Floating Islands Made With Fructose

Blog-checking lines:  The January Daring Cooks Challenge will ensure that no matter where in the world you are, you will have a bit of snow! Kim from Ask a Foodie challenged us to make Ouefs à la Neige, or “Eggs in Snow”. I made floating islands using fructose.

Head straight on to the Recipe For Floating Islands

I am one of those people who actually loves to shop. One who can lose oneself in a shopping centre, spending hours looking at what each store has to offer. I am also one of those people who hates crowds. So, December is a very trying time for me. I spend as little time in the shops as possible, as they are always full of people. This is good for our local stores but not for me! I keep a running shopping list of what I need and when I am desperate for one item on the list I pack my shopping bag with my wallet and phone and walk the block down to the local Woolworths.

Floating Islands Made With Fructose Click To Tweet

The other day some gentleman (and I use this term loosely) was shopping with his child. They took up an entire aisle, without leaving space for anyone to pass. The first time this happened I waited patiently and they ignored me. The second time I actually said something! And to make it worse, they had a staff member assisting them in blocking the path. My usually pleasant shopping experience was anything but pleasant with having to navigate my way through crowds of people who are oblivious to others.

Floating Islands

When making Floating Islands you have to give the meringues space to poach. I did mine one at a time, not crowding the pan in any way to allow each fluffy white pillow of egg white to poach slowly and gently. The custard is made with a lot of sugar which makes it overly sweet when eaten alone, but with the snow egg added on top, the dish is perfectly balanced.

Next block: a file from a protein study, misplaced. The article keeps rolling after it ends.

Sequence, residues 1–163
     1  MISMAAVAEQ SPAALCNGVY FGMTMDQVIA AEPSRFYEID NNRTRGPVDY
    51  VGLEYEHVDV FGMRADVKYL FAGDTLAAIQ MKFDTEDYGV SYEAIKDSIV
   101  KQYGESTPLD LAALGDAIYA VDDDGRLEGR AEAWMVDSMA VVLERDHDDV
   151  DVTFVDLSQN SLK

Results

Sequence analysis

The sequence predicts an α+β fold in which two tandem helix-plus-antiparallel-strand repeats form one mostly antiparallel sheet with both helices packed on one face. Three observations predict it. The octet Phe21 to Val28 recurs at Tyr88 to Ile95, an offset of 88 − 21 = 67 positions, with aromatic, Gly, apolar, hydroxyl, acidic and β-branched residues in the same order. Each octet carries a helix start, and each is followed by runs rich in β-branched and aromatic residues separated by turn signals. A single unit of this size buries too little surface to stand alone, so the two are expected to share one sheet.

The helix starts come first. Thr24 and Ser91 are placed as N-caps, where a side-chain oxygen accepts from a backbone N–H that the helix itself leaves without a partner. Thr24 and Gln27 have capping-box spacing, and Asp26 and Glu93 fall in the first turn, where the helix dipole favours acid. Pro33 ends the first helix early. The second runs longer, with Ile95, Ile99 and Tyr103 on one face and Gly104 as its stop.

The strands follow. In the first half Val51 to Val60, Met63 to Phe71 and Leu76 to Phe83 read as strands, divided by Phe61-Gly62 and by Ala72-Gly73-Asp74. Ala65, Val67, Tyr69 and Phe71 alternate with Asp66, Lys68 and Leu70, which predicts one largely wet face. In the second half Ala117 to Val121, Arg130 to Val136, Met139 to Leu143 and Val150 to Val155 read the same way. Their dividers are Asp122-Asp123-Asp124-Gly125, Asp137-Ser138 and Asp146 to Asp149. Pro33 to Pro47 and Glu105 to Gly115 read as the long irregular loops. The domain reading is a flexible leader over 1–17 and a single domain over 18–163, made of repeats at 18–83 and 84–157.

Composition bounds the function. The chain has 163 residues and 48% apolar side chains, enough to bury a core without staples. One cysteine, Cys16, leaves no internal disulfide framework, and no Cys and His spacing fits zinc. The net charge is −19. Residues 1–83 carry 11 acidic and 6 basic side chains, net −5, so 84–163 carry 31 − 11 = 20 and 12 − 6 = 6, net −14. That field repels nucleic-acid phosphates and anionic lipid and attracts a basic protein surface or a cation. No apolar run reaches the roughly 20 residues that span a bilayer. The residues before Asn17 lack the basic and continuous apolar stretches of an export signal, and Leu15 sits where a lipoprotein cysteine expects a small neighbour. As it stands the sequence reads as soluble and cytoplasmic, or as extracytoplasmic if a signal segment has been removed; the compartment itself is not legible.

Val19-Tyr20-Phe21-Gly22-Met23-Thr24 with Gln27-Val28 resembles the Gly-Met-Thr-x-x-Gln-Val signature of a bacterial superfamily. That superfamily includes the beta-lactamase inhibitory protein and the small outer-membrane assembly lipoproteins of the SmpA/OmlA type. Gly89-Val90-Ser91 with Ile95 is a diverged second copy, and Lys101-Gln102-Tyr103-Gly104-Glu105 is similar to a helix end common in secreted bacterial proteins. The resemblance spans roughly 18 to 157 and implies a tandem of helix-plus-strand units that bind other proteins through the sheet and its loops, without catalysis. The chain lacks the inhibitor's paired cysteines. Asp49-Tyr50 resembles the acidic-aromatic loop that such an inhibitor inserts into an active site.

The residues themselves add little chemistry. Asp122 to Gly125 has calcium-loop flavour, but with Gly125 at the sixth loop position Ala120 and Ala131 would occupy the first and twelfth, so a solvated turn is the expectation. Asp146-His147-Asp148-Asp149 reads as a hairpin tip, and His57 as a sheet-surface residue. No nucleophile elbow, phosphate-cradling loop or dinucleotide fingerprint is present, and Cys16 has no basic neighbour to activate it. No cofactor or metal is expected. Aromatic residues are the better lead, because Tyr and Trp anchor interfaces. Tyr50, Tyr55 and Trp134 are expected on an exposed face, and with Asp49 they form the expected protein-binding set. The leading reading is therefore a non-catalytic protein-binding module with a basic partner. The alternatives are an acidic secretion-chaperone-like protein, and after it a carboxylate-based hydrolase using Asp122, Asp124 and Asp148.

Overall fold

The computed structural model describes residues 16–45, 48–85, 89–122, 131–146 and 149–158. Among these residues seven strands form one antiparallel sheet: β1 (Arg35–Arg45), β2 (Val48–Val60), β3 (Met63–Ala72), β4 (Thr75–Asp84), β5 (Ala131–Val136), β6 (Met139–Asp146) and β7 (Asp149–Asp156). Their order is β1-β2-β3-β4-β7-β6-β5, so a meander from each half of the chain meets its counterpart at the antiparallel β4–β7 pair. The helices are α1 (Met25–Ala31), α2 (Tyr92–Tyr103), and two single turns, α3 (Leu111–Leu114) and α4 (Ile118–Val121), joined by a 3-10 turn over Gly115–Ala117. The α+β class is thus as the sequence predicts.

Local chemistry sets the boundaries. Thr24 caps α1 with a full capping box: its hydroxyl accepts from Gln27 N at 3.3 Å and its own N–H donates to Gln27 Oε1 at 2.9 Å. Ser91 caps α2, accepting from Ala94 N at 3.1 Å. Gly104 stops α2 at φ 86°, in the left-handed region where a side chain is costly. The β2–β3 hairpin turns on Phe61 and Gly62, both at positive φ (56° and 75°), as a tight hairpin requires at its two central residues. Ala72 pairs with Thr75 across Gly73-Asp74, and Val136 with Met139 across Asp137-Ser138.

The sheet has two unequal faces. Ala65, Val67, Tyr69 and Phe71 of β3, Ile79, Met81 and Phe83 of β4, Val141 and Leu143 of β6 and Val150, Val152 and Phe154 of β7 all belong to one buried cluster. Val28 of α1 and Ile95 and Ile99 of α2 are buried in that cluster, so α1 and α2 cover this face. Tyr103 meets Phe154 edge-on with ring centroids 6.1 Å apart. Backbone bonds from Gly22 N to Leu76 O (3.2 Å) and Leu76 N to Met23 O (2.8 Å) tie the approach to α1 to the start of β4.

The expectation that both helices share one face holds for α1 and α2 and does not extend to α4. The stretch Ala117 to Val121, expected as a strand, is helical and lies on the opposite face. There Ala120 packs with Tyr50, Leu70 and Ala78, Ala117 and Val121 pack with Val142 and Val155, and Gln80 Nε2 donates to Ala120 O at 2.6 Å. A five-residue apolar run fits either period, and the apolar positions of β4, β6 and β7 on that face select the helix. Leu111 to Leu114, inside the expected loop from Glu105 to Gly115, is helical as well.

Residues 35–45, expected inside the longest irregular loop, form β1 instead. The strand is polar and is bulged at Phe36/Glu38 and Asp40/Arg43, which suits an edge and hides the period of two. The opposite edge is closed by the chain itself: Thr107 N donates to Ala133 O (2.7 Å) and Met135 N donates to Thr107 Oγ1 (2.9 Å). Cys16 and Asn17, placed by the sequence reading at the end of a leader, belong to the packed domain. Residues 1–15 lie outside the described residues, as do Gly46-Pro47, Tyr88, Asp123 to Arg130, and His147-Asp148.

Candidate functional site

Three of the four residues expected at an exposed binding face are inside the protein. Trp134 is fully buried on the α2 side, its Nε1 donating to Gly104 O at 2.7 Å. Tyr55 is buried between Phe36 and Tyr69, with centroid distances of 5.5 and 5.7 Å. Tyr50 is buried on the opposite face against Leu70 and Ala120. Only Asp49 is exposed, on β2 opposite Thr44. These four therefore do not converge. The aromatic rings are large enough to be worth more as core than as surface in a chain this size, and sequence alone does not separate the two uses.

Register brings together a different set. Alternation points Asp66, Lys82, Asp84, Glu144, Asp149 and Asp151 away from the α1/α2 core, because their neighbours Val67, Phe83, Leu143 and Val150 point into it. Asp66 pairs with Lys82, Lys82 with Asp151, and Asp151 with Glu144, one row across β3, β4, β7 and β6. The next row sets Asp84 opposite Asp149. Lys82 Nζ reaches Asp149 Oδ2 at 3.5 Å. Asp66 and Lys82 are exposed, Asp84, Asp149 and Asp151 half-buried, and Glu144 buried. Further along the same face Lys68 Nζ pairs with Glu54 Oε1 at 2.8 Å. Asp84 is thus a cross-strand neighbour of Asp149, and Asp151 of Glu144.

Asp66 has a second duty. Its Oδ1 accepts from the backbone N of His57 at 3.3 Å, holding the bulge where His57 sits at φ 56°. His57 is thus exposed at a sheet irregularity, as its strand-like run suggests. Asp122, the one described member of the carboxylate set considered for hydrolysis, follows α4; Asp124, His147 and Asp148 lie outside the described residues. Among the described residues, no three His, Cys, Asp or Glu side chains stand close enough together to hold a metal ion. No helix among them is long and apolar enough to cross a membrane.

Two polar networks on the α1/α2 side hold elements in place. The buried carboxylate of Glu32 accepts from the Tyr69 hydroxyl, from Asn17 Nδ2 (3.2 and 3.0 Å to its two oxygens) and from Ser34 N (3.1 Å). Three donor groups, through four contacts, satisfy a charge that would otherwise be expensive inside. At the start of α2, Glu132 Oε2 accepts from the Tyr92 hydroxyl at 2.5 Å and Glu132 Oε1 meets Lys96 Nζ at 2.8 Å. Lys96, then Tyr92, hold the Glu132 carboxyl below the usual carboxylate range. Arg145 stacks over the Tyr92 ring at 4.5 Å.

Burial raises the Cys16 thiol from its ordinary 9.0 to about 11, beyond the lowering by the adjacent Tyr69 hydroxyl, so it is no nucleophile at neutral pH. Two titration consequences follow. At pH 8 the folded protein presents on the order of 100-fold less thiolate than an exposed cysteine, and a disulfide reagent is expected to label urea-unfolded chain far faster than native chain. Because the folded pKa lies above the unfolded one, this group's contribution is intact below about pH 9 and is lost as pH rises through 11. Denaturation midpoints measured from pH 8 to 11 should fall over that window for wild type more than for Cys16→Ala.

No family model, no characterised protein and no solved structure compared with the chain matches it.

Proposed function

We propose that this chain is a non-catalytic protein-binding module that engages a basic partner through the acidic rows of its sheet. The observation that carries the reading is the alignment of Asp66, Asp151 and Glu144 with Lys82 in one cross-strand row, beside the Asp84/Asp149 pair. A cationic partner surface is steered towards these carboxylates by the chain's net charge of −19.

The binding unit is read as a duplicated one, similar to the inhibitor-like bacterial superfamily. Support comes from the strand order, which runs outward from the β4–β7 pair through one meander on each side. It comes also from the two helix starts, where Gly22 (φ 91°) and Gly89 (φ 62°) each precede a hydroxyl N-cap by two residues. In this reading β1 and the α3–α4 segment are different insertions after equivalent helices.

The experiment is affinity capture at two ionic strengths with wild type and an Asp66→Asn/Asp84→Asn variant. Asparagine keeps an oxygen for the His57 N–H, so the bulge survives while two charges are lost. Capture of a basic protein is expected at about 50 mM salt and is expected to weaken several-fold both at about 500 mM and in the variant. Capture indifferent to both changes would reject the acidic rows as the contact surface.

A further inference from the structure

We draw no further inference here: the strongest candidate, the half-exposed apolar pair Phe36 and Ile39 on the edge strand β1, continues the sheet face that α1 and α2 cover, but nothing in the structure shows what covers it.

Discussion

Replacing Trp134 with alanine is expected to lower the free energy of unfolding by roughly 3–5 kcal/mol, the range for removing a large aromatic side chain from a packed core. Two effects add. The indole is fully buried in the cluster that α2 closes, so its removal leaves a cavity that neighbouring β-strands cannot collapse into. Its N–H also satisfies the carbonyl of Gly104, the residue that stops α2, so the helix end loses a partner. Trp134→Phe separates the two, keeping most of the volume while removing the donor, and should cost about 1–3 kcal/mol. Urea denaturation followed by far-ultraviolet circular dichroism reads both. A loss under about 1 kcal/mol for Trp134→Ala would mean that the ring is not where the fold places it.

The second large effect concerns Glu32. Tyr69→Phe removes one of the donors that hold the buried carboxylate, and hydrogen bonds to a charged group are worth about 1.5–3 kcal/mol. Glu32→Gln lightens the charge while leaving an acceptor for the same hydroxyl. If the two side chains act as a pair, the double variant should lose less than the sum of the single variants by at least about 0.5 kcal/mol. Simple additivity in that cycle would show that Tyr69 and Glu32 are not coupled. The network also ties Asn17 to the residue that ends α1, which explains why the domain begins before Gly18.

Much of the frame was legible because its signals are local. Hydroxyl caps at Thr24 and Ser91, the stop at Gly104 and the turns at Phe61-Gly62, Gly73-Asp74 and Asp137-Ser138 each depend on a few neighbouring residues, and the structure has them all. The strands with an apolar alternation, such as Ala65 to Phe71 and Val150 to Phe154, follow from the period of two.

Floating Islands

Print Recipe
5 from 4 votes

Floating Islands

These floating islands need a sweet custard to achieve the perfect balance in taste.
Recipe Category: Dessert
All Rights Reserved: Adapted From Larousse Gastronomique page 444

Ingredients

  • 500 mls milk
  • 4 eggs separated
  • Pinch of salt
  • 23 g fructose
  • 1 vanilla bean split open and seeds removed
  • 125 g fructose

Method

  • Place the milk into a medium size sauce pan
  • Bring to the boil and reduce the heat to a rolling simmer
  • Make sure at all times you do not let a skin form
  • Place the egg whites into a stand mixer bowl with a pinch of salt
  • Whisk until stiff peaks form
  • Slowly add the fructose until glossy and firm
  • Use wet serving spoons to quenelle the meringue
  • Gently place the meringue onto the milk and poach for 2 minutes
  • Gently turn over and poach for a further 2 minutes
  • Place the cooked meringue onto kitchen cloth to dry
  • Touch the meringues as little as possible
  • Repeat this until you have cooked all the meringue
  • Place the vanilla into the milk and leave to infuse
  • Place the egg yolks and the fructose into a bowl
  • Whisk until at the ribbon stage
  • Whisk in half of the milk and return to the sauce pan
  • Stir with a wooden spoon over a low heat for 5 minutes, until slightly thickened
  • Strain into a pouring jug and set aside to cool completely
  • Place into the fridge for an hour

To assemble

  • Pour the custard into a deep dish, or deep bowls
  • Gently place the meringues onto the custard
  • Serve immediately, or place into the fridge until you are ready to serve the dessert

Click on the links for conversions and notes.

What I blogged:

Top of Page